A Packaging Corporation of America mill that uses recycled fiber will suspend operations for two months as the coronavirus pandemic keeps schools and businesses closed.
Packaging Corporation of America (PCA) on April 1 announced it will idle its two paper machines and the converting operation at its Jackson, Ala. mill beginning next month. The company anticipates restarting the machines in early July.
The Jackson mill produces multiple types of printing and writing paper, including office paper made from recycled fiber, under the Boise Paper brand. The mill purchases recovered fiber and pulp from multiple suppliers through contractual agreements, according to a PCA financial report.
The two months of downtime will reduce paper production by about 70,000 tons, PCA estimates. A company spokesperson declined to comment on the implications for recovered fiber use, citing a quiet period in the lead-up to the company’s quarterly earnings report later this month.
In a press release, a company official cited “unprecedented market conditions” brought on by measures to combat the coronavirus, leading to a demand decrease for the mill’s products.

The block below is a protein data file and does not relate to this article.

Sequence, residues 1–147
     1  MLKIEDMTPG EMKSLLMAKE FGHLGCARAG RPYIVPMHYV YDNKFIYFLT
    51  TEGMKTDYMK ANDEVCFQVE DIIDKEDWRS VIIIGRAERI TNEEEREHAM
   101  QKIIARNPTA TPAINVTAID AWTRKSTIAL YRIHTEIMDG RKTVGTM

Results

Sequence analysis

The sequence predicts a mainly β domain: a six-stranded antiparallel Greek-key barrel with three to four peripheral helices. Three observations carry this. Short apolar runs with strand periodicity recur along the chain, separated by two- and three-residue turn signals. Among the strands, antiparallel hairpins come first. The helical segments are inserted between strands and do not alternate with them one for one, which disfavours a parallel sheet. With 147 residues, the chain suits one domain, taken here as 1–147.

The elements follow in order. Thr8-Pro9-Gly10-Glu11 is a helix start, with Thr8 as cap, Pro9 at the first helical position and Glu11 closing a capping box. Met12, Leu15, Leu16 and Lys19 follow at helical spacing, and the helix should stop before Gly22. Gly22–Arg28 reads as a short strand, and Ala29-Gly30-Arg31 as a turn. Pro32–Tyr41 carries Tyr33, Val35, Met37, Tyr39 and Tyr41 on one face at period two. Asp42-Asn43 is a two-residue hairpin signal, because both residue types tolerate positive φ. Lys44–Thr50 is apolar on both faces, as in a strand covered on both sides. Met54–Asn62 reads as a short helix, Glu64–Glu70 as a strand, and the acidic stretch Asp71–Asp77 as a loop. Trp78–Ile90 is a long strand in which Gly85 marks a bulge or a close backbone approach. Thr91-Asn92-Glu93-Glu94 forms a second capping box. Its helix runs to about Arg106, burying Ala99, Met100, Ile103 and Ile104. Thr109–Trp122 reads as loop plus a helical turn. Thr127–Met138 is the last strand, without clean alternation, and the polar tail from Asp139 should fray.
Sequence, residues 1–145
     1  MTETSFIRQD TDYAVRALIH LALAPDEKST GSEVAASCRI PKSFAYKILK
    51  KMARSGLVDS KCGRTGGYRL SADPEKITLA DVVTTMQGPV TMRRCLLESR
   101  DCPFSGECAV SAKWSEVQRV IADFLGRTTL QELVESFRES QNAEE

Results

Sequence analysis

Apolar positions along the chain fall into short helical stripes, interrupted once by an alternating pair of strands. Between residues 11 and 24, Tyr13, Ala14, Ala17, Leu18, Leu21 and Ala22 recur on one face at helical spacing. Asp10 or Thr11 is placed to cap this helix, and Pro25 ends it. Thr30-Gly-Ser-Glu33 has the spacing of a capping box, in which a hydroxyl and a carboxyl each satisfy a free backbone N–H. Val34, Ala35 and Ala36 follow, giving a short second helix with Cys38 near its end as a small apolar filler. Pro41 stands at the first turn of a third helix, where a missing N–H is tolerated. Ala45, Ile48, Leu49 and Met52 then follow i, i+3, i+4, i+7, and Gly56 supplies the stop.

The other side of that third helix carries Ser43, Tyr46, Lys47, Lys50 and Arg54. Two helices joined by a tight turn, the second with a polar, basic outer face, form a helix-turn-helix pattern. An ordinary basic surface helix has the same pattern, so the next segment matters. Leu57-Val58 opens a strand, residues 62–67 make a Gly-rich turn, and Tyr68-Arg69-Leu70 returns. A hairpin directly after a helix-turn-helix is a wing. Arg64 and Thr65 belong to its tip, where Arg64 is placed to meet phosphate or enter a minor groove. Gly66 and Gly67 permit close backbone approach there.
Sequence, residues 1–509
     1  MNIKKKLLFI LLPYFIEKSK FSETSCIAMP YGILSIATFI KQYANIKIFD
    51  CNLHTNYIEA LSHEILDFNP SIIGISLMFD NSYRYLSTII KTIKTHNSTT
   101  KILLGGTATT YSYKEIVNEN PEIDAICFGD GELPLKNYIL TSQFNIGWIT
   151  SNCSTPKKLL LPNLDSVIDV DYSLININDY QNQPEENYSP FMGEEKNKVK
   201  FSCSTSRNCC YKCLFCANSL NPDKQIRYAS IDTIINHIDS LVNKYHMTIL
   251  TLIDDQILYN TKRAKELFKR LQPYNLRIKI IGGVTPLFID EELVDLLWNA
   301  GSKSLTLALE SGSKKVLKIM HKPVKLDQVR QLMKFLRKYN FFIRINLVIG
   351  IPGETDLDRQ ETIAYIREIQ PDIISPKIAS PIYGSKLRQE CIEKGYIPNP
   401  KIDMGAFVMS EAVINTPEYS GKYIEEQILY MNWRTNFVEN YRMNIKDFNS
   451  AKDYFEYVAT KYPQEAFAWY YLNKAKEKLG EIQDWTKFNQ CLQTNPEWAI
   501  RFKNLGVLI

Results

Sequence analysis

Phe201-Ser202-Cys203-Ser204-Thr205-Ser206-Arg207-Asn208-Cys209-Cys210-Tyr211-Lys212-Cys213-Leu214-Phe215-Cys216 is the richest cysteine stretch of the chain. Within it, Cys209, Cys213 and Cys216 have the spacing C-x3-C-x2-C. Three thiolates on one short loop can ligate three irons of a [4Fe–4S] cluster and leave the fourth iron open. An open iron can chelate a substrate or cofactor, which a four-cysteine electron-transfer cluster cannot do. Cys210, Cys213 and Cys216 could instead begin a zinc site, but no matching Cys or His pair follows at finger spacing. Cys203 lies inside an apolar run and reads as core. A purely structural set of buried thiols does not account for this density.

“Due to the effects of the COVID-19 virus pandemic on paper consumption in schools, offices and businesses it’s critical that we balance the supply of our Boise Paper products with our customers’ demand for them,” said Paul LeBlanc, vice president of Boise Paper, in the release.
The idling of the mill means a temporary layoff of roughly 340 employees, according to the company.
PCA is a major end user of recovered paper in the U.S. The company in 2019 purchased roughly 790,000 tons of recovered fiber for use in its mills, according to a company filing. PCA uses recovered fiber as a feedstock at five of its six containerboard mills and at both of the company’s paper mills, including the Jackson plant.
The other paper mill is located in International Falls, Minn., and PCA plans to continue operating that facility at capacity during the Jackson downtime.
A PCA containerboard mill in Wallula, Wash. recently planned significant new capacity for OCC processing.
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